Monday, October 19, 2020

From the High School Lesson Book - Study Skills for Success

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A question came up recently in our co-op about what writing skills students should already have learned by the time they start high school English composition. That's another article for another day, but it got me thinking about general study skills that I believe homeschooled students should develop in their high school years. I've been teaching writing and literature classes for high schoolers in our homeschool co-op and have seen those students as well as my own needing work in these areas. I call them study skills, but they are much broader than just cramming for an exam!

Understand the Assignments or Expectations

Every week in the co-op classes I try to be very clear about the instructions for the homework and assignments, where to find the details in the textbook, which pages to read, and how to submit the essays, or whatever else. I encourage the students to ask their questions before class is dismissed. But it's not that unusual to have students who turn something in that doesn't follow the instructions. For instance, it takes several weeks into the school year before I get everyone on board with submitting their essays in the correct format - double-spaced, specific font size, header information, and all of that. 

Is it a big deal? Well, yes and no. Does it really matter that much if the essay is in 11-point rather than 12-point font? Nope, to me it actually doesn't. But in some college classes, believe it or not, it does. It matters that they follow instructions and the parameters for the assignment. It's going to matter even more at college level, and it's easy to see how it will matter in many work settings. There's a place for being creative and individual, and there's a place for making sure that you follow the instructions you've been given. 

My advice to students: Understand the assignment and do your best to follow all the instructions given.
My advice to homeschool parents: If your student is in a co-op or receiving instruction from someone other than you, remind your student of the importance of following instructions. If you're the teacher, be clear and consistent about assignments and how you're grading.

Manage Your Time

This is something that doesn't come naturally to very many of us, from what I can tell, and because homeschoolers have a lot more flexibility with their time, it seems to me that we don't always do a great job of teaching the skill. If students haven't learned this by the time they get to high school, these are the years they need to work on it. Students are working on multiple subjects each semester, and have responsibilities in the home. Many have part time jobs. All have things they want to do in their personal time - social life, hobbies, personal interests, and more. Now is the time to figure out how to budget time so that all of those things get correctly prioritized. Know what the deadlines are for schoolwork, and how much time each assignment will take. Plan that time so the work will get done in a timely manner, without procrastination or panic.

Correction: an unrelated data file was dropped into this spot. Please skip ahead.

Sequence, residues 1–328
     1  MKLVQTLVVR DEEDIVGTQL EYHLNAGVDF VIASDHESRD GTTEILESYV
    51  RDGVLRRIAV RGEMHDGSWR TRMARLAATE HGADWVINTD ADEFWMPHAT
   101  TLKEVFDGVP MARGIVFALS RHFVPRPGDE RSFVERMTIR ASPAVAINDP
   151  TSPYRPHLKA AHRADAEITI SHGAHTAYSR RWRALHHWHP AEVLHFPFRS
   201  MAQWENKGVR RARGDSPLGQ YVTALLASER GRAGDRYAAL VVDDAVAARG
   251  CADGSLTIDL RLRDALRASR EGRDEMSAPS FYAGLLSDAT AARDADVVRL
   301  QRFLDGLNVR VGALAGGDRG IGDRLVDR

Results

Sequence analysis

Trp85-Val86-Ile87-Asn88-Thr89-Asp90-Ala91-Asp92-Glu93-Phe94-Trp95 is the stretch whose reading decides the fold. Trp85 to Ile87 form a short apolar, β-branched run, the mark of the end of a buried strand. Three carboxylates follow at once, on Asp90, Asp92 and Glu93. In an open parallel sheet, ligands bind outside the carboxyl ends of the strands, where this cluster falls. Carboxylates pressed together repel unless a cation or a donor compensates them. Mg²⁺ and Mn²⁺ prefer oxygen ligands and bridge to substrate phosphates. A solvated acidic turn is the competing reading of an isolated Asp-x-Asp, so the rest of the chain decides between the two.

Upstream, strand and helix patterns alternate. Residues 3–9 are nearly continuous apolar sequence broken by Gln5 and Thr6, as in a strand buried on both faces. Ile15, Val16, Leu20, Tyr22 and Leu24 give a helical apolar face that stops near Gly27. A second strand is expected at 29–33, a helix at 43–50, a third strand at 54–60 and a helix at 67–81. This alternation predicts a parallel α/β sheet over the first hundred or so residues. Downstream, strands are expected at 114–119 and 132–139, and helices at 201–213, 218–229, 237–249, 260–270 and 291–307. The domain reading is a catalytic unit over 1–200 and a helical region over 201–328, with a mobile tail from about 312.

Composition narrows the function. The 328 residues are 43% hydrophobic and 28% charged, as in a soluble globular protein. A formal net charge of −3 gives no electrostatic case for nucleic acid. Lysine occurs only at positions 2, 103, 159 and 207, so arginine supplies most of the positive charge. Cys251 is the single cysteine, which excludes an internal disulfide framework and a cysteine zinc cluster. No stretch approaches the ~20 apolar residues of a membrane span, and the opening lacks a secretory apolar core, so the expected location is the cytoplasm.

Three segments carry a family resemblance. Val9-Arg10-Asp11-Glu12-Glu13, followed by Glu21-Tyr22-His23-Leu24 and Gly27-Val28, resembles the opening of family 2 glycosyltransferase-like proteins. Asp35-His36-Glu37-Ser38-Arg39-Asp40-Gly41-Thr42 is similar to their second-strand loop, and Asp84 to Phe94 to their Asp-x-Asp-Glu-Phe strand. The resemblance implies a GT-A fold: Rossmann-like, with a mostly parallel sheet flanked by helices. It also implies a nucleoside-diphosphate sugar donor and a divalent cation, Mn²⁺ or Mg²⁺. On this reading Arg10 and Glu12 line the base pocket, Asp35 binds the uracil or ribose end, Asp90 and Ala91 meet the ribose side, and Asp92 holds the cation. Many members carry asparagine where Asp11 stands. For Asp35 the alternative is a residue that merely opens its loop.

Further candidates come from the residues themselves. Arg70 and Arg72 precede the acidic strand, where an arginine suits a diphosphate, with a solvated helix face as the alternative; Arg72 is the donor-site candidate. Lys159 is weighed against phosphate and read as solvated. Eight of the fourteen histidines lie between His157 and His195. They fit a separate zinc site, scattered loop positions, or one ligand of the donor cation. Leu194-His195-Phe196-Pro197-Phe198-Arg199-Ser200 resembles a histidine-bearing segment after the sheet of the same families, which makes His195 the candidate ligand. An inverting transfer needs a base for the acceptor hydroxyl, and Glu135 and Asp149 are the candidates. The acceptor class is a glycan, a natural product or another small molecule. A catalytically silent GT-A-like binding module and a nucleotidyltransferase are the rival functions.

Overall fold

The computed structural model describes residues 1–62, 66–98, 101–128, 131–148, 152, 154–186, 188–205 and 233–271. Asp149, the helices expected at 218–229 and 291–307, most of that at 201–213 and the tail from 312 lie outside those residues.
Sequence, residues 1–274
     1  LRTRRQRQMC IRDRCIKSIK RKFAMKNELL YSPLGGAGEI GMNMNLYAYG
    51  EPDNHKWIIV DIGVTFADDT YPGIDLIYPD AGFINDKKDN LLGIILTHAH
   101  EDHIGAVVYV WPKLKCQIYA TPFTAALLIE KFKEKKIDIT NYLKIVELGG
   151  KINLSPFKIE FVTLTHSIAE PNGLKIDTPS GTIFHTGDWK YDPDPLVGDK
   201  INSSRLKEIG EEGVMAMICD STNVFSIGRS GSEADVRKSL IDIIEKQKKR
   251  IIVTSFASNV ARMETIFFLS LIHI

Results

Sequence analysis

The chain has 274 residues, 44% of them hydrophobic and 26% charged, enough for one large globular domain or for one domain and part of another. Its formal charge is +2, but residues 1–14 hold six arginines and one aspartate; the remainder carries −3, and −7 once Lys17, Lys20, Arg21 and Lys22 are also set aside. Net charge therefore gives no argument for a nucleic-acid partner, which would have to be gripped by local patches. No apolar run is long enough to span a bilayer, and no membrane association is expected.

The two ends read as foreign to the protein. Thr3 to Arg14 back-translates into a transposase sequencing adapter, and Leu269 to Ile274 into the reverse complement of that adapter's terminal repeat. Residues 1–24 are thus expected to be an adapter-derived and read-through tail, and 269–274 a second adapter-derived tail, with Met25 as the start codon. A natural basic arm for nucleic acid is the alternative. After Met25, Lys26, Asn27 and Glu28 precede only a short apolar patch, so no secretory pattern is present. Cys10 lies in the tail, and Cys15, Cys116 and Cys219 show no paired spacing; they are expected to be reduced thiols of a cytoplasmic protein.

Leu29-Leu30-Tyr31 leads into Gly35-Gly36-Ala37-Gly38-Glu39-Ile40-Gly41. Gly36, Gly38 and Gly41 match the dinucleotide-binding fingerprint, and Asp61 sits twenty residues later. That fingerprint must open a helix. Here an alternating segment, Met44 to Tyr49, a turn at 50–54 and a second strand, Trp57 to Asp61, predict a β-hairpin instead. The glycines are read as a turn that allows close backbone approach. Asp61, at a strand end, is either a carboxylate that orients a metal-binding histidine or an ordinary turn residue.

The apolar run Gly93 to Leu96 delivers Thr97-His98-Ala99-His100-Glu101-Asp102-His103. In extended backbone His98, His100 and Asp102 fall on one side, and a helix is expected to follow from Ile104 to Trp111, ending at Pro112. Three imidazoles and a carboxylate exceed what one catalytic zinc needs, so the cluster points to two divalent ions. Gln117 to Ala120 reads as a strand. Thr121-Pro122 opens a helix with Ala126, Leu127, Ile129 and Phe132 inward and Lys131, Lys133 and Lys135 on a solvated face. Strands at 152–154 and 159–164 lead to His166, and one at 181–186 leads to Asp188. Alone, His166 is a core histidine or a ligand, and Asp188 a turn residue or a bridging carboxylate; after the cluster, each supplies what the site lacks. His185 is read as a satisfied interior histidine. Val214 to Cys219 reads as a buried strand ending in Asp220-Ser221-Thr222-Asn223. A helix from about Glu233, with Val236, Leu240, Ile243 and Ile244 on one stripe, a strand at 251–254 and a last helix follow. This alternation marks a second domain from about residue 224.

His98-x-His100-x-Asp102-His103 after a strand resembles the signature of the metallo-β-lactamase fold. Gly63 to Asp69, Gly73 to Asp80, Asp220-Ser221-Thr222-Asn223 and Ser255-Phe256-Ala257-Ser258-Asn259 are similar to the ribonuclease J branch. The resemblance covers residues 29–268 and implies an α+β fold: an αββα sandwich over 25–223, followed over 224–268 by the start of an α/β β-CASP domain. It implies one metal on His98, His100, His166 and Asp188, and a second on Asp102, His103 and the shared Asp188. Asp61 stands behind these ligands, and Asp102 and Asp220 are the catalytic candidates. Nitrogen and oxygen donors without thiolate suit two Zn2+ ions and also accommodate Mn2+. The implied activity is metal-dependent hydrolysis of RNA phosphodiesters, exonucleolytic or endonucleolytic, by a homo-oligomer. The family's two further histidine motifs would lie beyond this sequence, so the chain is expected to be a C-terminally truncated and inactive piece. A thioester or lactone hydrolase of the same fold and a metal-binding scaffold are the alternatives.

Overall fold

Get a student planner or a calendar and use it. Find a system that works for you to keep track of your homework and study schedule, and is efficient for keeping on track and balancing time between school and other responsibilities. 

When my sons were in high school, they had part time jobs and other responsibilities, but did not do any classes at a co-op. I was the only teacher they had to deal with, and I knew exactly how much work they had in each subject and what else was taking up their time during the week. And too often I adjusted deadlines to balance things for them. That's not necessarily a bad thing, because that's why we homeschool, right? But I should have let them figure out how to balance. My daughter did several classes at a co-op during her last two years of high school. Her French instructor gave the class homework without any regard for whether they also had coursework in English or Algebra, or if they had extra hours at work this week, or if they were planning to go away over the weekend. And she had to figure out how to meet the deadlines. As a co-op teacher, I sometimes get emails from students apologizing for turning something in late or incomplete, and the reason given is that they had a lot of other homework in other subjects or a very busy week. The very blunt response would be that I don't care. Of course I don't say that to them, but I do think it! Because unless it's something really unusual - some kind of crisis - it shouldn't matter. For the rest of your life, kids, you will have to juggle school, work, church, family, personal life, and more; and it is your responsibility to make the balances and adjustments.

My advice to students: Learn time management skills now.
My advice to homeschool parents: Work with your student on time management, especially planning for deadlines. Don't be afraid to let natural consequences reinforce the lessons.

From the High School Lesson Book - Let's Get to Work! on Homeschool Coffee Break @ - It's that time of year when motivation is hard to come by, but we need to stick to plan and get our schoolwork done! We have a couple areas we need to work on . . .

Maximize Your Strengths